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MARKER DATABASE
“Bite-Size Bits of Local, National, and Global History”
“Bite-Size Bits of Local, National, and Global History”
Downtown in Washington, District of Columbia — The American Northeast (Mid-Atlantic)
 

The Dolly Madison House

 
 
The Dolly Madison House Marker image. Click for full size.
By Craig Swain, August 4, 2007
1. The Dolly Madison House Marker
Inscription.
Site of dwelling house
owned by
Ex-President of the United States
James Madison
1828 to 1836
————
Home of his widow
Mrs. Dolly Payne Madison
1837 to 1849
————
Home of
Rear Admiral Charles Wilkes, U.S.N.
and family
1851 to 1886
(lower plaque):
Federal
Judicial Center
The Dolly Madison House
Restored 1968
Lyndon B. Johnson, President

 
Location. 38° 54.005′ N, 77° 2.095′ W. Marker is in Downtown, District of Columbia, in Washington. Marker is at the intersection of H Street, N.W. and Madison Place, on the right when traveling east on H Street, N.W.. Touch for map. Marker is at or near this postal address: 1520 H St NW, Washington DC 20005, United States of America.
 
Other nearby markers. At least 8 other markers are within walking distance of this marker. Fleeing the Executive Mansion (a few steps from this marker); The Cosmos Club (within shouting distance of this marker); Kosciuszko (within shouting distance of this marker); The Tayloe House (within shouting distance of this marker); Ashburton House (within shouting distance of this marker);
Dolley Madison House image. Click for full size.
2. Dolley Madison House
The markers can be seen on the left side of the house.
Wormley's Hotel Site (about 300 feet away, measured in a direct line); Freedman’s Savings And Trust (about 400 feet away); St. John's Church (about 400 feet away). Touch for a list and map of all markers in Downtown.
 
More about this marker. There appears to be a spelling error on these plaques. The First Lady married to President James Madison spelled her name Dolley—not Dolly. —Ed.
 
Also see . . .
1. Biography of Dolley Madison. (Submitted on August 27, 2007, by Craig Swain of Leesburg, Virginia.)
2. Biography of Admiral Charles Wilkes. Admiral Wilkes had a colorful career. Credited by some with the discovery of Antarctica, he also charted the Hawaiian Islands. During the Civil War, his ship intercepted the British ship “Trent,” which was carrying Confederate diplomats, leading to an international incident. Wilkes was actually court marshaled later for insubordinate remarks against the Secretary of the Navy. (Submitted on August 27, 2007, by Craig Swain of Leesburg, Virginia.) 

3. General George McClellan’s Headquarters. During his tenure as commander of the Union armies in the Civil War, George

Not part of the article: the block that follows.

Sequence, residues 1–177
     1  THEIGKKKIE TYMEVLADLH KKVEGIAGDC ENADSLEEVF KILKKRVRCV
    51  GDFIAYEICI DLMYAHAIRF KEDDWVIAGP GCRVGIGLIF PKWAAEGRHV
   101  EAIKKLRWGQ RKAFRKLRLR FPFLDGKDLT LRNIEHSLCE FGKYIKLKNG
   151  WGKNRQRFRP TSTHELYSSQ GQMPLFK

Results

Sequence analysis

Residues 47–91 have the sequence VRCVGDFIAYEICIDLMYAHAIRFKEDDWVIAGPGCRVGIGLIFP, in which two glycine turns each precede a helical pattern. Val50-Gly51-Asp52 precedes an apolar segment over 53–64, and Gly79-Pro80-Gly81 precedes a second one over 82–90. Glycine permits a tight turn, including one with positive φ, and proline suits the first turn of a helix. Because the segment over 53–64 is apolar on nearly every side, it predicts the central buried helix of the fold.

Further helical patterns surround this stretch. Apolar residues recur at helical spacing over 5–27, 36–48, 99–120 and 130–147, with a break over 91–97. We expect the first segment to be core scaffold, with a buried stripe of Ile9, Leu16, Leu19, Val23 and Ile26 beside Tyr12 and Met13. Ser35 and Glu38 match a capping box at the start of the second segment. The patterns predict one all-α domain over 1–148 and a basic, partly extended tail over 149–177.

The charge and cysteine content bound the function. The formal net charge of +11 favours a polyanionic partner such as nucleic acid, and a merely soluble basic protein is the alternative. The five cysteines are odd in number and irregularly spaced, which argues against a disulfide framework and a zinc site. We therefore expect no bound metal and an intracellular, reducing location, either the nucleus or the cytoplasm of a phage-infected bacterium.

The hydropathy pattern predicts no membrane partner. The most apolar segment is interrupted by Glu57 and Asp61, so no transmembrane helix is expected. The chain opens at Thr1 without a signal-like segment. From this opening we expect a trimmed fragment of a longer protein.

Dolley Madison image. Click for full size.
By Allen C. Browne, February 16, 2015
3. Dolley Madison
This 1848 portrait of Dolley Madison hangs in the National Portrait Gallery in Washington, DC.

“Dolley Madison served as White House hostess during the administrations of the widowed Thomas Jefferson and her own husband, James Madison. Her effervescence doubtless accounted, in part at least, for the popularity of Madison's presidency in its last several years. After the end of Madison's term in 1817, Dolley helped her husband put his papers in order, selling a portion of them to Congress after his death.

William Elwell painted Dolley Madison's portrait in February 1848 and later sold it to her longtime friend William Winston Seaton, editor and co-owner of the Washington, D.C., newspaper The National Intelligencer. The portrait offers a glimpse of the aging Mrs. Madison, described by the artist in his diary as ‘a very Estimable lady—kind & obliging—one of the Old School.’” — National Portrait Gallery
McClellan maintained his headquarters at the house of his friend, Admiral Wilkes. (Submitted on August 27, 2007, by Craig Swain of Leesburg, Virginia.) 

4. Cutts-Madison House. Wikipedia (Submitted on August 21, 2016, by Allen C. Browne of Silver Spring, Maryland.) 
 
Categories. Notable Buildings
 
The Dolley Madison House image. Click for full size.
4. The Dolley Madison House
The Cutts House, 1822 image. Click for full size.
Library of Congress
5. The Cutts House, 1822
This detail of a sketch by Baroness Hyde de Neuville shows the Cutts house as it appeared in 1822 on what was then called President's Square.
 
 
Credits. This page was last revised on September 10, 2016. This page originally submitted on August 27, 2007, by Craig Swain of Leesburg, Virginia. This page has been viewed 7,482 times since then and 113 times this year. Photos:   1. submitted on August 27, 2007, by Craig Swain of Leesburg, Virginia.   2. submitted on October 21, 2007, by Craig Swain of Leesburg, Virginia.   3. submitted on August 28, 2015, by Allen C. Browne of Silver Spring, Maryland.   4. submitted on October 21, 2007, by Craig Swain of Leesburg, Virginia.   5. submitted on August 21, 2016, by Allen C. Browne of Silver Spring, Maryland. • J. J. Prats was the editor who published this page.
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